XO Kitchen [Lower East Side
        ]148 Hester St., between Elizabeth and Bowery
        Manhattan, NY 10013
        Map: http://maps.yahoo.com/py/maps.py?Pyt=...

        Read the threads at: http://www.chowhound.com/topics/show/...
        ... and at: http://chowhound.com/topics/show/234898

        2 Replies
        1. re: squid kun

          Thanks for posting this. I bet the other places are better than Golden Dragon, but the advantage of the Dragon is that it is open very late. It was the only open one I found that rainy night. I have the menu from the place at 27 Eldridge. The name is printed in Chinese. I dont know much Chinese but it doesnt look like Sheng Wang to me, it looks like Dong Feng (East wind) something. Whatever the name, they offer four kinds of noodles, each with a dozen toppings: Lanzhou noodles, rice noodles, thread noodles, Shanxi peell noodles, as well as various soups, including fish ball.

          1. re: Brian S

            This place must have changed hands. I grabbed a menu from 27 Eldridge earlier this year. At the time there was a sign or awning that said (in English) Sheng Wang.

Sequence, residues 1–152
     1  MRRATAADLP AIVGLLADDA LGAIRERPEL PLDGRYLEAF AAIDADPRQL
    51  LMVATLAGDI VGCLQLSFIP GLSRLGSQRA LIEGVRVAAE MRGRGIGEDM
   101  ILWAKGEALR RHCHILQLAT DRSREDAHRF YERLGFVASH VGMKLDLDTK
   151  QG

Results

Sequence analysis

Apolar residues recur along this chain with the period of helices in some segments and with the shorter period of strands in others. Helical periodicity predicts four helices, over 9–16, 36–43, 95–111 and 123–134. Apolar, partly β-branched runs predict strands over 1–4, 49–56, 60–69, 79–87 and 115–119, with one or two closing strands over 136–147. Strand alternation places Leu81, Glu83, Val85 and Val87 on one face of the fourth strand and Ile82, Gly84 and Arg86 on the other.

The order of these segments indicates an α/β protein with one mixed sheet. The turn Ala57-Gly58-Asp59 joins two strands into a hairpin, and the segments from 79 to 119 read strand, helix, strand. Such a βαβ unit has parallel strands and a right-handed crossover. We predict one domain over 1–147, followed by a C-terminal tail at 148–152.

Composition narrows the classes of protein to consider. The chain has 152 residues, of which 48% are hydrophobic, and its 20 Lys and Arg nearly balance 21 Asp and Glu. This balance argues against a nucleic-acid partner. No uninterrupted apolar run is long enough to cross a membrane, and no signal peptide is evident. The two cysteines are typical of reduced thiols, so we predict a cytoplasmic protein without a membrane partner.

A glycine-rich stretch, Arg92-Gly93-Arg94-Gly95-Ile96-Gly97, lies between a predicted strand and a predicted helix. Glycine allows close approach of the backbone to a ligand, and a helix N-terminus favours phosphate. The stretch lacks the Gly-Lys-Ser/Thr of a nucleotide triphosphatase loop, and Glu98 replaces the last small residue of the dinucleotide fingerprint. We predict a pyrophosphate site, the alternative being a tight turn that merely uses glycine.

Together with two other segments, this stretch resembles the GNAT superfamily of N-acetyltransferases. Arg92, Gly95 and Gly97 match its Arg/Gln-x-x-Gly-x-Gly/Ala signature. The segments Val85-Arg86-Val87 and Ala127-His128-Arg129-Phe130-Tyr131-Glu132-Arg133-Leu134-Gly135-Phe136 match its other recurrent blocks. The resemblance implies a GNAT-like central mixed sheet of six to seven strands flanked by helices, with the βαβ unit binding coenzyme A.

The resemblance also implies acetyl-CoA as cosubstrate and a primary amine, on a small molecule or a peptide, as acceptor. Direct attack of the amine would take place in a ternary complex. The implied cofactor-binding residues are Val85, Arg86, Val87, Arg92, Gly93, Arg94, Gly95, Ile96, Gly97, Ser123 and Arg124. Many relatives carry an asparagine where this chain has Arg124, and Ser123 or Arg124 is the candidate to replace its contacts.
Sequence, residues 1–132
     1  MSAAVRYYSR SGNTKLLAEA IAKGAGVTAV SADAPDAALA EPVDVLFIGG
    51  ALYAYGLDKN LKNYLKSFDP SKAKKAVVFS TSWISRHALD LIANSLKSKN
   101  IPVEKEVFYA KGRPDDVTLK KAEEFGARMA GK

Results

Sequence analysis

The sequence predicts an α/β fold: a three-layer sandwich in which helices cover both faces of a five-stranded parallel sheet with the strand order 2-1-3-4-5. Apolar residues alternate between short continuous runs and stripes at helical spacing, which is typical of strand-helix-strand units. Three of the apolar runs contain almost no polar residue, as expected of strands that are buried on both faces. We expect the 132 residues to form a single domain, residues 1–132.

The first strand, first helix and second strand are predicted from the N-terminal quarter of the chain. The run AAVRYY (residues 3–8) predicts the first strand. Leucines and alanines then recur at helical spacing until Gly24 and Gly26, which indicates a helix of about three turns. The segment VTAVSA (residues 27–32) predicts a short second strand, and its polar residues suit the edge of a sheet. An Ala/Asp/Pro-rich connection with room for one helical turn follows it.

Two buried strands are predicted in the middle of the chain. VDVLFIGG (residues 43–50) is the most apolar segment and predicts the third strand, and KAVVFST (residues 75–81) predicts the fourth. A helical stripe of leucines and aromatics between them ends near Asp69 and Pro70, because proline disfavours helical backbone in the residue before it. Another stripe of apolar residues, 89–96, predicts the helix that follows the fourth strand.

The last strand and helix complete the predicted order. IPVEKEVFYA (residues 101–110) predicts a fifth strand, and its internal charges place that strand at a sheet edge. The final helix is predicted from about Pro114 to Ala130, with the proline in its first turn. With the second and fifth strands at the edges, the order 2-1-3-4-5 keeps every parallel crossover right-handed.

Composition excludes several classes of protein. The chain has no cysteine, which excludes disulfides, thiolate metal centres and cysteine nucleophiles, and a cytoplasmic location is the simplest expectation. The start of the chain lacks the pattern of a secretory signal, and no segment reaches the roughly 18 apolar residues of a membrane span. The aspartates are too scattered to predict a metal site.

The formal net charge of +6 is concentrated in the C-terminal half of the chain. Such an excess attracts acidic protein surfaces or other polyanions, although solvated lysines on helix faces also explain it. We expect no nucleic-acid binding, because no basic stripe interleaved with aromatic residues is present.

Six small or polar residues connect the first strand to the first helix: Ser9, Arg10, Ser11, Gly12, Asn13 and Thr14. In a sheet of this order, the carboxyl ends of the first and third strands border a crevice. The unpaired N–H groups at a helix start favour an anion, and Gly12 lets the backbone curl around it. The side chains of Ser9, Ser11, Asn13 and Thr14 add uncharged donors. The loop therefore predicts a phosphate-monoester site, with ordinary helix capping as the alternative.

The top of the menu says only "Lanzhou hand-pulled noodles" (in Chinese), and the choices are more limited than what you describe: mostly Lanzhou noodles plus one rice noodle soup; no mention of shaved noodles or thread noodles. It also has a section of Fujianese stuff including soups (fish ball and others).

        2. i ate at eastern noodles several times in a row for one stretch. i hope they are doing well. this thread is a good reminder to go back to revisit these places.

          1. I think you're right, it says Sheng Wang in english on the sign (I was at Super Taste last night) and their menu is almost exactly the same as Super Taste.